A good business model is always to identify a need and then meet that need for a profit. I just don’t think there is much of a need for Google+. The company could still prove me wrong; Google has a stunning record of success. 

But in this case, I wonder if the emperor really has no clothes. If anyone can get a picture of that, be sure to upload the photo to Facebook and tweet it to all your friends.

About the Author

John Breeden II is a freelance technology writer for GCN.

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Reader Comments

Wed, Aug 3, 2011

Navy eyes Google+ as outreach tool to reach sailors and their families. http://www.usatoday.com/tech/news/2011-08-01-google-plus-navy_n.htm Military families are already using Hangouts for instant video chat to communicate and collaborate together.

Wed, Aug 3, 2011

Google Inc's new social network has attracted 25 million users, making it the fastest website to reach that audience size, according to data released on Tuesday by comScore. http://in.reuters.com/article/2011/08/03/idINIndia-58589020110803 By the way, if you recall, Google Maps site visits went slightly down after its launch too. Then more and more relevant user features were added based on feedback. Care to guess what is the most used mapping application in the world today?

Wed, Aug 3, 2011

12 Most Enchanting Features of Google+ http://12most.com/2011/08/01/12-enchanting-features-google/

Mon, Aug 1, 2011 Dave Washington DC

I am afraid I disagree with your assessment given the amount of personal data Facebook has already sold on me. From a government security view Facebook should be banned, not just for their security breeches/ lack of security but for the harvested data that they expose which makes them ideal for foreign interests to plan infiltrations. With Facebook there is no CI / Invasion of privacy issue as long as they make a profit! Google has done an excellent job in guarding its members private information making G+ a much better route to go.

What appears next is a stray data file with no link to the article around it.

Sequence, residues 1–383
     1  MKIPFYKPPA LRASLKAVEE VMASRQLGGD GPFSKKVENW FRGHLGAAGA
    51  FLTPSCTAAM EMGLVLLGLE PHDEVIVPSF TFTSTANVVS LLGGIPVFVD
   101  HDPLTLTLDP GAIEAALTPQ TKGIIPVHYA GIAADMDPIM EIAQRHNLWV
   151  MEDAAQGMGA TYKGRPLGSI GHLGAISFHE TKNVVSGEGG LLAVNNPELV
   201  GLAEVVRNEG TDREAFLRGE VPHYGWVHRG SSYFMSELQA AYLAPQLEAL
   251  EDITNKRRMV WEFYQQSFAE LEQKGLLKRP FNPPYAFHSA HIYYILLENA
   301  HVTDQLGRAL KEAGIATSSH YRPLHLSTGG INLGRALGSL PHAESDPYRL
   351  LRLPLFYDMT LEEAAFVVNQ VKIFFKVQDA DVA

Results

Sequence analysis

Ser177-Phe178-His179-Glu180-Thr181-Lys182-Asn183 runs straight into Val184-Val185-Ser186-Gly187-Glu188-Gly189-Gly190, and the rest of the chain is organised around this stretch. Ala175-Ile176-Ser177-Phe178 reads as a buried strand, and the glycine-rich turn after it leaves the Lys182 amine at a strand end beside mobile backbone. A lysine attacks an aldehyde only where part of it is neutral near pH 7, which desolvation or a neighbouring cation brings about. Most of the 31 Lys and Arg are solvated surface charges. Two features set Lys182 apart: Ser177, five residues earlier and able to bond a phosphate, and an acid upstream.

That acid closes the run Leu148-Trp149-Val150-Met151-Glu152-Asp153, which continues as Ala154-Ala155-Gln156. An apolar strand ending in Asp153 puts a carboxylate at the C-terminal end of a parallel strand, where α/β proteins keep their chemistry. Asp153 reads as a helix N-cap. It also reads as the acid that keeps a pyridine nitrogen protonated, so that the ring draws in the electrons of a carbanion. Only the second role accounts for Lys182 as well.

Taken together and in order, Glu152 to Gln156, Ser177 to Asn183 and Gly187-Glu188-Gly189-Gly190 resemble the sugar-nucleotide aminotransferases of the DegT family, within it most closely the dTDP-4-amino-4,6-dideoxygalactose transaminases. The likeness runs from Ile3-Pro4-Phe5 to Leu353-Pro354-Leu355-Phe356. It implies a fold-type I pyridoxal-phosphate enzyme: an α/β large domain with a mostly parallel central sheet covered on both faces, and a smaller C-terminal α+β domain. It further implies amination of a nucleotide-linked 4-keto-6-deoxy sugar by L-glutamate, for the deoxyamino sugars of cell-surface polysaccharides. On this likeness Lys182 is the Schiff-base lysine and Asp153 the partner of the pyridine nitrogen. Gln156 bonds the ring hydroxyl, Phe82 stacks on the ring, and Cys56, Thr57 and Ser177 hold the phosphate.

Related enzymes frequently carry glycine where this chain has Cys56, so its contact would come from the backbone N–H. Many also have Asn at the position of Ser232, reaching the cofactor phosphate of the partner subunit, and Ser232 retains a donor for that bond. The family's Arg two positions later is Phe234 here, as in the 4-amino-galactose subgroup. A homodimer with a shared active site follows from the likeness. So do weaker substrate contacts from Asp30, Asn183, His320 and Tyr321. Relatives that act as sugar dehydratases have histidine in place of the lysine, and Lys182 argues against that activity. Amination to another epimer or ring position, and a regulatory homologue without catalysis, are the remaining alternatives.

Mon, Aug 1, 2011 Shawn Dreelin Richmond, VA

Judging from the comments, you can clearly see one reason the visits has gone down. People came and didn't figure out how to use Google+. Once you figure out how to use it, it's awesome. I say this and I'm an avid Twitter, Facebook and Linkedin user, but I welcome another, and dare I say better, form of social media. For instance there is the complaint of privacy, you can send messages to just a group you build or even one person if you wish and not have the whole world see it. You can even make it so the person or group you send it to cannot re-share it or even comment on it if you wish. You also missed some of the cooler features like hangouts, sparks and huddles. Also Google suspended the accounts of people not using their real names, but that did not delete access to mail, apps and other services. Google states that right in their TOS. I enjoy the fact that I'm dealing with real people....just like I would in the real world which is Google's point behind the site. It makes you more accountable to what you are posting. We all know that we act differently online vs. off and I think G+ has the potential to bring the two closer together. I don't think it will unseat Facebook anytime soon, but it is a different social media taking parts of the best of other social media and combining them. I think that it will get better as it integrates with other Google products and maybe other social networks. My advice to those who came and went is to look into how to use it properly and read some of the great tips online from various users (Pete Cashmore and Robert Scoble come to mind as people to follow just for the tips alone). Heck, search for me and follow me if you want some tips that I pass along.